Ten revellers were hospitalised yesterday after suspected drug use at Sydney’s Ultra music festival, despite an increased police presence at the dance music event and the surrounding area.
NSW Police report ten people were transported to Westmead Hospital via ambulance. Nine News reports at least five were transported in a critical condition, but all are now thought to be in stable conditions.
The hospitalisations came amid heightened police scrutiny, stemming from Ultra’s new designation as a ‘high risk’ music festival under the state’s controversial new licensing regimen.
Ultra experienced a heavy police presence, with officers from Parramatta Police Area Command and added personnel from neighbouring jurisdictions patrolling the streets around the festival.
Sniffer dogs were also deployed at the event.
The Daily Telegraph reports the added law enforcement personnel did not deter people from taking drugs, with some opting to ingest the illicit substances while walking to the Parramatta Park festival.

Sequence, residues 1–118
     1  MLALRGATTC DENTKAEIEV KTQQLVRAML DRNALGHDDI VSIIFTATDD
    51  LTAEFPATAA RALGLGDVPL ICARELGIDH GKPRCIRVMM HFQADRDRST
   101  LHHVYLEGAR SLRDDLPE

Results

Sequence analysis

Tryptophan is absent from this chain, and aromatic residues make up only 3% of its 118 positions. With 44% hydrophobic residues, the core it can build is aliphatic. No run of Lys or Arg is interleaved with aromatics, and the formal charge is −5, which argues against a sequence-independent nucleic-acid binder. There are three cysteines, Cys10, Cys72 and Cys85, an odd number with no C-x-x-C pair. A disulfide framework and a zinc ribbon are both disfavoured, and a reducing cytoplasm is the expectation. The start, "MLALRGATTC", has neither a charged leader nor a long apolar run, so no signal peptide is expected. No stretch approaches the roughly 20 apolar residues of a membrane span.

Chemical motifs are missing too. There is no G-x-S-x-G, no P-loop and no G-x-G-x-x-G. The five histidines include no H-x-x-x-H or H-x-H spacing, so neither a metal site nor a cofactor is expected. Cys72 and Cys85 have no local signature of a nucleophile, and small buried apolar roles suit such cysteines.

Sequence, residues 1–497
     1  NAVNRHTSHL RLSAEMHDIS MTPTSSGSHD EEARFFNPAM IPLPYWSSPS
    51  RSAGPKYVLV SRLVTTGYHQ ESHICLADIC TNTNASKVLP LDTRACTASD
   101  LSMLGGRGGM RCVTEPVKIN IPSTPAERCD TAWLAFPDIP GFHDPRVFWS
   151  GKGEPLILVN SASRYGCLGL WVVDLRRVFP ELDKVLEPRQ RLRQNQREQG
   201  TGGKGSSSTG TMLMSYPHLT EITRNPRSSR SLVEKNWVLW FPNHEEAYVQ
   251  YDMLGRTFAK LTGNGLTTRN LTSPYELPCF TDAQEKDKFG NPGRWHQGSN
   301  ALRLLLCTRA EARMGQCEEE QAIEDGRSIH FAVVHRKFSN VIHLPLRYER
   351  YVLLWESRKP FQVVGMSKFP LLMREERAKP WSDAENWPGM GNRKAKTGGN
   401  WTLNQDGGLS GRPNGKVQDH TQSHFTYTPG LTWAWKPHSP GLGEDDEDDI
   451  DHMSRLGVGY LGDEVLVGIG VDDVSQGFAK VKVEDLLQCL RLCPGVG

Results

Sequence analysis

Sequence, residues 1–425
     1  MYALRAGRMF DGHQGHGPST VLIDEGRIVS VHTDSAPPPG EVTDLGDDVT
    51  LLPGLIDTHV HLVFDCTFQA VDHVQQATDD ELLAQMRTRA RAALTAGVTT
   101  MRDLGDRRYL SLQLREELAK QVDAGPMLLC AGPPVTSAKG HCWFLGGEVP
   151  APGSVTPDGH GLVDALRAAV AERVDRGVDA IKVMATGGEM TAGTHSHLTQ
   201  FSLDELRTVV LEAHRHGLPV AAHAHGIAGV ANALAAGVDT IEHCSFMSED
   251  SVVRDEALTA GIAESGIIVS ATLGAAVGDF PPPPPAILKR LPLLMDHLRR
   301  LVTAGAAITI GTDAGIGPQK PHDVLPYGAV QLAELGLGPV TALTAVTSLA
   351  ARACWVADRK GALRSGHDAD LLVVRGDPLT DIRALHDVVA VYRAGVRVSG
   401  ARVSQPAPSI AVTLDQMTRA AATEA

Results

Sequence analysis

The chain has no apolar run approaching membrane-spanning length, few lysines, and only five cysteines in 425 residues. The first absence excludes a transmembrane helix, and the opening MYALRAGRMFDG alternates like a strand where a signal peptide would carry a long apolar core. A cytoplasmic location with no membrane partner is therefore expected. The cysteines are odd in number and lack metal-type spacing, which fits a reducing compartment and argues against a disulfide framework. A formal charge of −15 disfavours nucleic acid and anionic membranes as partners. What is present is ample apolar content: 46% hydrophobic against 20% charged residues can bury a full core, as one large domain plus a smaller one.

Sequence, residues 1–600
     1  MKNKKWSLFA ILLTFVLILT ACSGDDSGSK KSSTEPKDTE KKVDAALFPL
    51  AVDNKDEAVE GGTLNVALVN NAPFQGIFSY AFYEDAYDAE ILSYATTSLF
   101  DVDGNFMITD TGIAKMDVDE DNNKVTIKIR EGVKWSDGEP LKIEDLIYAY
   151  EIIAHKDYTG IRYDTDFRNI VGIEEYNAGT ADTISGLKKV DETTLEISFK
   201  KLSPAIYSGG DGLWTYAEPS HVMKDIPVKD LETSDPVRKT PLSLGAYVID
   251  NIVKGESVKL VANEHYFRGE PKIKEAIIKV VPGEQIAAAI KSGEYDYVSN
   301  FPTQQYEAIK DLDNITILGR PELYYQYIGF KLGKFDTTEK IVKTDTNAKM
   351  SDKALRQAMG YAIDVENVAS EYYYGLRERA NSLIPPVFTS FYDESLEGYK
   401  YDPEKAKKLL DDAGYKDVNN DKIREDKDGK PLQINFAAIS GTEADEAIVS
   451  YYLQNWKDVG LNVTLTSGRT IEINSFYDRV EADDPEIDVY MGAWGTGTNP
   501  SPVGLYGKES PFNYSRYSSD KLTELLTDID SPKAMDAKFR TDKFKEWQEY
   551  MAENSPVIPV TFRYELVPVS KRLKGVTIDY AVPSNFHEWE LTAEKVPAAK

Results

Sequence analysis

In total, 45 out of an estimated 20,500 attendees were charged. Of that number, ten were charged with supplying an illicit drug. Another 29 people were issued Criminal Infringement Notices f0r possession of MDMA or cocaine.
The hospitalisations and arrests came after Ultra’s calls to host a pill testing trial were rejected by the state government.
In January, Ultra issued a joint statement with Pill Testing Australia and harm minimisation advocates NSW Users And AIDS Association (NUAA) calling on Premier Gladys Berejiklian and the NSW state government to permit the measures.
“The zero-tolerance stance does not work,” said Ultra Australia chief Dave Rubin.
“This approach is not currently successful despite working tirelessly with the police to keep drugs out of our events and we need to acknowledge this goes beyond policing and is a health issue.”
That perspective was backed by NUAA head Mary Ellen Harrod, who said “we know pill testing works from the successful Australian trial and years of overseas experience.
“There is almost universal agreement that we need to do more to keep young people safe and the Ultra festival is the perfect opportunity launch a trial of this measure in NSW.”
Five people have died at NSW music festivals after suspected drug use since September 2018.
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Image: @ultraaustralia / Instagram